Mike DeStefano wraps up his four-part series on the main components that can help us evaluate how the Knicks are progressing in a season that won’t be evaluated in wins and losses. Read Part I here, Part II here, and Part III here. Read Part IV here. And now the final grades.
OVERALL – B
You may disagree. You may see one component as more/less important than the others, but for an A, you have to do everything right. And we can all at least agree on this – there have been some growing pains, and there are going to be a lot more. Not every rebuild can be of the Stevens/Ainge miraculous variety, unless someone out there wants to be our Billy King. No takers? Okay, then let’s look at some of the obstacles the Knicks have faced, and let’s compare where the organization is with the NBA’s current gold standard for dominance (shout to @DaveEarly for the inspiration):
- This is the first year together for the Mills / Perry / Fizdale triumvirate. Bob Myers and Mark Jackson came in together in 2011 and endured a 23-43 season.
- The Knicks are without their centerpiece. He hasn’t played since last February. The Warriors’ centerpiece, Steph Curry, only played in 26 of 66 games during that rebuild year.
- In the Knicks’ current 10-man rotation (11 if you include when Burke returns; Lee / Lance not included), only 4 were on the team at the start of last season. They’re all learning a new system, and they’re all trying to develop a basic chemistry with new teammates. Much like those 2011-12 Warriors, who only had 6 holdovers from the ever-so-brief Keith Smart era.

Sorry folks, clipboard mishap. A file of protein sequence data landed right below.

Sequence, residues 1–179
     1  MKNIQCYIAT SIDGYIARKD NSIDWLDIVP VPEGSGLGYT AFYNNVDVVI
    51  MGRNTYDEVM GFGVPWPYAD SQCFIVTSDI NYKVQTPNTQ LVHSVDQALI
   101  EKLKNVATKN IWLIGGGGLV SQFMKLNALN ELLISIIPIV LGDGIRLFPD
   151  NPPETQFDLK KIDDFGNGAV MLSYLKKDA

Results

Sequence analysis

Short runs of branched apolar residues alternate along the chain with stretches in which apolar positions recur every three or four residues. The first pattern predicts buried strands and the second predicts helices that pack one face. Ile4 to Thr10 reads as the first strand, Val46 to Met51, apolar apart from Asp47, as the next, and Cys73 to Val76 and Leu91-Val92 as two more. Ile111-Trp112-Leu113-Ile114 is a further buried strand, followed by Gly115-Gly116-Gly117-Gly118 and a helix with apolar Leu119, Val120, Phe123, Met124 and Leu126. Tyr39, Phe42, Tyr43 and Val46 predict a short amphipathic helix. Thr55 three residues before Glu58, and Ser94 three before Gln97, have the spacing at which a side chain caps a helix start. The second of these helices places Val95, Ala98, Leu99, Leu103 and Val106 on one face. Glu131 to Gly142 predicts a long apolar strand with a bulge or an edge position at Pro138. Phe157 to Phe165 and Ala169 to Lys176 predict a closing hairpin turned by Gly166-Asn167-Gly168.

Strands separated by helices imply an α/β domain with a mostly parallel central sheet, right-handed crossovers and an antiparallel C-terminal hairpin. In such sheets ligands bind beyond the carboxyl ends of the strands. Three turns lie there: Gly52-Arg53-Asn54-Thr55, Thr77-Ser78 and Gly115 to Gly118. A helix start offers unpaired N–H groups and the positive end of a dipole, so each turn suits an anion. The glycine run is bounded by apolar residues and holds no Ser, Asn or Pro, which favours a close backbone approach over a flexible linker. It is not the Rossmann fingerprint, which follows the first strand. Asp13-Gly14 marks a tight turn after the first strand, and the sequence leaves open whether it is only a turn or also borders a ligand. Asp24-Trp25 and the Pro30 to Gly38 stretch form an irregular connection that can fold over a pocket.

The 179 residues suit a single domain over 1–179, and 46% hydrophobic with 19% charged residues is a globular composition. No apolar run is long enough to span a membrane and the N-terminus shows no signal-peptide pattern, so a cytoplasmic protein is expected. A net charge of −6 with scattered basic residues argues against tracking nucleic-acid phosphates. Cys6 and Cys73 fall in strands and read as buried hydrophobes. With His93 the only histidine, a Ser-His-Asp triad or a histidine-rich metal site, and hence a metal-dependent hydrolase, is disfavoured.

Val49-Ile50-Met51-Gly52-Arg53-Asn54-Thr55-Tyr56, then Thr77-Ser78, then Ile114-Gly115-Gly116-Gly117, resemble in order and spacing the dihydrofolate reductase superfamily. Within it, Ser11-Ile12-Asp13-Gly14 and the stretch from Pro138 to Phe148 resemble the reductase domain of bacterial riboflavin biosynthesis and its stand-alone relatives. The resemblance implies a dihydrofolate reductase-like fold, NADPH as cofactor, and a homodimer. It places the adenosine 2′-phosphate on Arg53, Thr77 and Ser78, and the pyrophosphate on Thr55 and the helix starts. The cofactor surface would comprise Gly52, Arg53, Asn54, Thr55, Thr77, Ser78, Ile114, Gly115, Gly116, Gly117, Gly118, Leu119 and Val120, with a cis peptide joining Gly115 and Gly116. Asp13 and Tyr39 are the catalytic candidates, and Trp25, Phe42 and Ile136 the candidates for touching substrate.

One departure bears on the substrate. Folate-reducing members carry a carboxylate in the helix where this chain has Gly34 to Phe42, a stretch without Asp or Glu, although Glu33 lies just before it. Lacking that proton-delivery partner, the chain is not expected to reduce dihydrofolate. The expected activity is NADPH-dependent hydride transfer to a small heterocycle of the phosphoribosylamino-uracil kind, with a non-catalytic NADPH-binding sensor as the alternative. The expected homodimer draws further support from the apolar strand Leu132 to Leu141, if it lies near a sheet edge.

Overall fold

I don’t remember what the outlook was for theWarriors by June 2012. Klay Thompson was a bright spot as a rookie, but Curry was banged up and regressing, and the roster was a mess. Impatient fans saw new leadership and the same old results.
Then they drafted Harrison Barnes, Draymond Green, and Festus Ezeli, and they remained patient with their point guard of the future (who many at the time were unsure of), and the following season they won 47 games. Then 51. Then 67 and a title, and the rest is history. Their build that started off with issues – like ours – ended with an A+++++++.
Knicks’ fans just want the A. We can add pluses later. How can we just get to an A?
1Scott and Steve, keep working those phones.
Guys won’t be back, so get something for them while you can. In March 2012 (lockout season), the Warriors shipped Monta Ellis, Ekpe Udoh, and Kwame Brown to Milwaukee for Andrew Bogut and Stephen Jackson; Jax was then sent to the Spurs for TJ Ford (waived), Richard Jefferson, and the first-round pick that became Ezeli. The Bogut/Ezeli tandem averaged 32 MPG at center during the 2015 playoffs en route to a title.
THJ, flaws and all, has value. Courtney Lee, when 100%, has 3-and-D value. For backup PG help, depending on your needs (scoring vs. well-rounded), look no further than Emmanuel Mudiay or Trey Burke. Plenty of teams could use a guy like Dotson (strong on both ends, affordable, under contract next year), and they should consider it if the price is right.